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News and Opinion

Turnover of art at auction in Australia rose modestly from $103.73 million in 2013 to $106.18 million in 2014. The lift was only achieved, however, on a larger throughput with a lower average price than in 2013 and fewer highlights. There were no $2 million plus sales in 2014, compared with four in the previous year. The highest priced work sold in 2014, John Brack's "Backs and Fronts" showed a ballroom contest involving some fancy foot work – not uncommon in the saleroom - made $1.84 million.
Menzies’ final fine art sale concludes an overall successful Australian art auction year for 2014
By David Hulme & Brigitte Banziger on 12-Dec-2014 (Exclusive to the AASD)

Menzies’ last fine art auction of the year in Melbourne brought in $8.012 million including buyer’s premium for the 281 lots, selling 68.3% by volume and 78.8% by value. This makes for an Australian fine art auction turnover of $103.93 million in 2014 to date, against $103.73 million in 2013, which notably included the $19.6 million single owner sale of collector Reg Grundy.

Even though the figures from the two final art sales in Perth and one Sydney auction are yet to be included in these results, the 2014 figure of $103.93 million clearly reflects an improvement in art sales at auction for this year.

Mossgreen buys $3.5 million turnover booster
By Terry Ingram on 11-Dec-2014 (Exclusive to the AASD)

Giving a further useful buffer to its core decorative and fine arts exhibiting and auction business, Mossgreen Auctions will add about $3.5 million a year to its turnover if current trading levels from the newly acquired Prestige Philately are sustained.

Stamps and associated business would then account for more than 10 per cent of group operations at more than $30 million, writes Terry Ingram.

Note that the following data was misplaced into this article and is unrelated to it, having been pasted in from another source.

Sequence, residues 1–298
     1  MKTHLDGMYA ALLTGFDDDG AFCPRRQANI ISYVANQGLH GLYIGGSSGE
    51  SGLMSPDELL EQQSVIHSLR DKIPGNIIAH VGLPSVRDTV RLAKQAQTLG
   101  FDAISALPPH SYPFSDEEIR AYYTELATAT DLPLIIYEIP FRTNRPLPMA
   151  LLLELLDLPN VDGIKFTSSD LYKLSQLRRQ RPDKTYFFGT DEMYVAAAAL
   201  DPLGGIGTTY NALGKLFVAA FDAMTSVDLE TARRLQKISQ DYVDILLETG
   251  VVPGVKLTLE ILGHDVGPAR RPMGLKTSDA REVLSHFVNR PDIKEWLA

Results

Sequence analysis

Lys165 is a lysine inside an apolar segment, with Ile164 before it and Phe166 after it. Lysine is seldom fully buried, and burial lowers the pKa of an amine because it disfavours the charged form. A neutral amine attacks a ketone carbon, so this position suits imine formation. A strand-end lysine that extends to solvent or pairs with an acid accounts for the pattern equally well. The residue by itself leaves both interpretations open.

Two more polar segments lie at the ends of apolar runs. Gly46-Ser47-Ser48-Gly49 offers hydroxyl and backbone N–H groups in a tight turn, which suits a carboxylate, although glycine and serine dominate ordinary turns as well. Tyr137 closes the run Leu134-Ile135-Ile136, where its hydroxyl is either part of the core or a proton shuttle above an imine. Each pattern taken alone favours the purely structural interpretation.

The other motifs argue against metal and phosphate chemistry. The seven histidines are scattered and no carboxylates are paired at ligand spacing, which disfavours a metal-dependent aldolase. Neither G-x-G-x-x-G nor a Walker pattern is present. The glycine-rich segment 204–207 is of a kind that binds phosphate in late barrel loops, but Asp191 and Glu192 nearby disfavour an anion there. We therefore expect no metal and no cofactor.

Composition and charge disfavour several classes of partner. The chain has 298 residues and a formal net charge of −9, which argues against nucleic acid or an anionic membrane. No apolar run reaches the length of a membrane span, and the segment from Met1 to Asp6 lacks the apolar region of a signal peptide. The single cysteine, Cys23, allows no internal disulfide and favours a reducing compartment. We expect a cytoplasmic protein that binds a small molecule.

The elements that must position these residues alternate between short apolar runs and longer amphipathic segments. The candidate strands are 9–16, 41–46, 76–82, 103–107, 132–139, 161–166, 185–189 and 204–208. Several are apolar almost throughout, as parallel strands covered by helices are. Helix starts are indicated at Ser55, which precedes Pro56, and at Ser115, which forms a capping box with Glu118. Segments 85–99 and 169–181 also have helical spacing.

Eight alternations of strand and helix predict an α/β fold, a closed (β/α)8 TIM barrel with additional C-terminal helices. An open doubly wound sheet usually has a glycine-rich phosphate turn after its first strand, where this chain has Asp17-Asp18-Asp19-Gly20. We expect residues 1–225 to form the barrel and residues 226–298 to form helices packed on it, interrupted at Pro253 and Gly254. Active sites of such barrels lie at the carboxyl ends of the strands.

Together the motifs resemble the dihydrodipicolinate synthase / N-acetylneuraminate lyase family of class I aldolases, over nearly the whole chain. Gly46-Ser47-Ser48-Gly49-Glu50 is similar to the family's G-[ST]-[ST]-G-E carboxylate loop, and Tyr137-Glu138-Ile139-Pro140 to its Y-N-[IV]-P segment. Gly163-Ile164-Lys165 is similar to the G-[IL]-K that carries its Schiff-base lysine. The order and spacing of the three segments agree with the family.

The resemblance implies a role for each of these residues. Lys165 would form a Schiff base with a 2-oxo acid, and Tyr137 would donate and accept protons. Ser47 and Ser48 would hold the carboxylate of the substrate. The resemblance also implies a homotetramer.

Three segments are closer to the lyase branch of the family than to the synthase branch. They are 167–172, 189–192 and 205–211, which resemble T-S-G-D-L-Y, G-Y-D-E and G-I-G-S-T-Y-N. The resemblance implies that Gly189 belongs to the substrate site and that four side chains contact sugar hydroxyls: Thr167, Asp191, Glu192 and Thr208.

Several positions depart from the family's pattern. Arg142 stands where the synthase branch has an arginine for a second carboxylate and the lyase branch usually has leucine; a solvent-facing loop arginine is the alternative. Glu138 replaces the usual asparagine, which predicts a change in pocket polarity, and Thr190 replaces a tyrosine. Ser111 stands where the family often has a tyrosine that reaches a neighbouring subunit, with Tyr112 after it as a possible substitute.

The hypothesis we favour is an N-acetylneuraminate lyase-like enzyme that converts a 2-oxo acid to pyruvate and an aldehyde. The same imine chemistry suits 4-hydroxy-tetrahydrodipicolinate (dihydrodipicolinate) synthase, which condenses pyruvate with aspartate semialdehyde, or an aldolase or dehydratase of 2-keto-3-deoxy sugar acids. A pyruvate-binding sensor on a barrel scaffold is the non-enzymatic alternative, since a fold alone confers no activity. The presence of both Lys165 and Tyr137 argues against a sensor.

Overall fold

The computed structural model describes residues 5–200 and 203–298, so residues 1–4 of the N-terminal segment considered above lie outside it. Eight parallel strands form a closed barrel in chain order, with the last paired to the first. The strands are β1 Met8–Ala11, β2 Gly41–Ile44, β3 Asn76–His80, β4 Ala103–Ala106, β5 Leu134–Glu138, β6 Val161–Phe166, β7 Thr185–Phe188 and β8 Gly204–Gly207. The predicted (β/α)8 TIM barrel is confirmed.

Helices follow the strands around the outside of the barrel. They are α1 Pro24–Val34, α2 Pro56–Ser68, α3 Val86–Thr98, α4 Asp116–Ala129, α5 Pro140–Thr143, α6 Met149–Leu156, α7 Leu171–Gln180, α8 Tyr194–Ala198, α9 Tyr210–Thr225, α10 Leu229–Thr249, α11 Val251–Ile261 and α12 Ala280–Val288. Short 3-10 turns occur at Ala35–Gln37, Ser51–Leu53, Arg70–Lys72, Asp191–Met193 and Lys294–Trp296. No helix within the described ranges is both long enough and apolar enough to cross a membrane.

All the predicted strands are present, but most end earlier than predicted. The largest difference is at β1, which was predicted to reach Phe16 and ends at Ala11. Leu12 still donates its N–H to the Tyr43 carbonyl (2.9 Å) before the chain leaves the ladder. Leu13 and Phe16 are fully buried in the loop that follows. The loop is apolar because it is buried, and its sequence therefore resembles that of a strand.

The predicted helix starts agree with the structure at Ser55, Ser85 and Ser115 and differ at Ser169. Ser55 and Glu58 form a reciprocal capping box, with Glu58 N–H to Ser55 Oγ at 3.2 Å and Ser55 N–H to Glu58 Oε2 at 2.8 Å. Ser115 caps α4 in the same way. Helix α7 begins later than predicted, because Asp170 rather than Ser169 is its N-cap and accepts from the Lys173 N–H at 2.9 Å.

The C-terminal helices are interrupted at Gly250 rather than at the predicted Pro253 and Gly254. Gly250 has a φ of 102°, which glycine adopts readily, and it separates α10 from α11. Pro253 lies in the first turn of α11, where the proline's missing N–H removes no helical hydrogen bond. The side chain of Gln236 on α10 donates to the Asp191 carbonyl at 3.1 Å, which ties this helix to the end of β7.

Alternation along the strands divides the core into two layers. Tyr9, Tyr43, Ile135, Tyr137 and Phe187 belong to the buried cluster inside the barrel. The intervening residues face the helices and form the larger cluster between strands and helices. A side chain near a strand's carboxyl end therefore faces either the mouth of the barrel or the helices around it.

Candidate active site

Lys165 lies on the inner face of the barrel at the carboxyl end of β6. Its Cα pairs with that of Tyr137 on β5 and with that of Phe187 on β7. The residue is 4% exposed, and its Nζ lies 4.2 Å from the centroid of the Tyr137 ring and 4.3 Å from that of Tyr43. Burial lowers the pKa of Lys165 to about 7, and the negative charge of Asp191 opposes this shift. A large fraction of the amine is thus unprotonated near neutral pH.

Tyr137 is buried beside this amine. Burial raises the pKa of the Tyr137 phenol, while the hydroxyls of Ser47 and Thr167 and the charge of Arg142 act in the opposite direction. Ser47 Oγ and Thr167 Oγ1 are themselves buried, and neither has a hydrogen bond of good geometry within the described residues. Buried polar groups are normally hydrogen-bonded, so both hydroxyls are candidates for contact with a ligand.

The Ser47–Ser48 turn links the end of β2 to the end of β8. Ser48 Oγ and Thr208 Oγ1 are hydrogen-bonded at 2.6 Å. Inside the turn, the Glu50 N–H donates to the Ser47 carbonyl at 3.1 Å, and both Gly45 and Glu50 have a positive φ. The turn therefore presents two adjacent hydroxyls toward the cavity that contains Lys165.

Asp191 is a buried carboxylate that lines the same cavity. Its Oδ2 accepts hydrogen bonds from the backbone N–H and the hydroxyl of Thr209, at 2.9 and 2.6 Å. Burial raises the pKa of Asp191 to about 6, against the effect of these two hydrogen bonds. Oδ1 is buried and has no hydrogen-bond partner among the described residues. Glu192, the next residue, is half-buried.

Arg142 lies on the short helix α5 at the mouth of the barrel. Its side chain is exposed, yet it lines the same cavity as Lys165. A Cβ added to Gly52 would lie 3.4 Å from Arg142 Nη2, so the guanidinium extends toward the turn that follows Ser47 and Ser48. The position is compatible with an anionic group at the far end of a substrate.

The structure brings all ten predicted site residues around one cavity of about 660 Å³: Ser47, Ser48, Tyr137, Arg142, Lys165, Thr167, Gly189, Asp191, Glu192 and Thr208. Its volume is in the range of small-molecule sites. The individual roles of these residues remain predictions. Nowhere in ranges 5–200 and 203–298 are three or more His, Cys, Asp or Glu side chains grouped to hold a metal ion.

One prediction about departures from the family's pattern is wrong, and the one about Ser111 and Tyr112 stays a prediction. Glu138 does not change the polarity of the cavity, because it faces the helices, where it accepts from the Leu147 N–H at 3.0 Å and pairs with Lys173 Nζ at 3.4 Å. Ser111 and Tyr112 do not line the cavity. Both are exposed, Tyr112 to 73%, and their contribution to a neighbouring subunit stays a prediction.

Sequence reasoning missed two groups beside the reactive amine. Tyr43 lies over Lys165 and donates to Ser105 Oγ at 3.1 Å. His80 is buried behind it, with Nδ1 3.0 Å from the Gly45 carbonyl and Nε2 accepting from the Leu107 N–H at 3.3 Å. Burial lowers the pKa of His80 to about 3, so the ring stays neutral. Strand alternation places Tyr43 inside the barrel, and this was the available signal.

Russian art find in London - Blue skies in London greet Melbourne's Kryzhitsky
By Terry Ingram on 09-Dec-2014 (Exclusive to the AASD)

An Australian sunrise helped keep some of the clouds at bay in the Russian art market when re-offered in London, writes Terry Ingram.

A big Victorian painting of the rising sun, "Russian" artist Konstantin Kryzhitsky's River Estuary with Farm Labourers, an 86 by 141 cm oil on canvas, attracted no interest from the usual players in the Australian market when offered at Menzies Art Brands in Melbourne in July.

John Olsen anger as gift put up for sale

Veteran artist John Olsen has described feeling “bewildered” by the discovery Sotheby’s Australia was selling a painting he made 50 years ago for his wife Valerie to commemorate the birth of their daughter Louise. The matter ended up in court last week after negotiations between Olsen’s adult children and Sotheby’s broke down, with the Olsens alleging the auction house had no right to sell the work because it was owned by the family, writes Michaela Boland in The Australian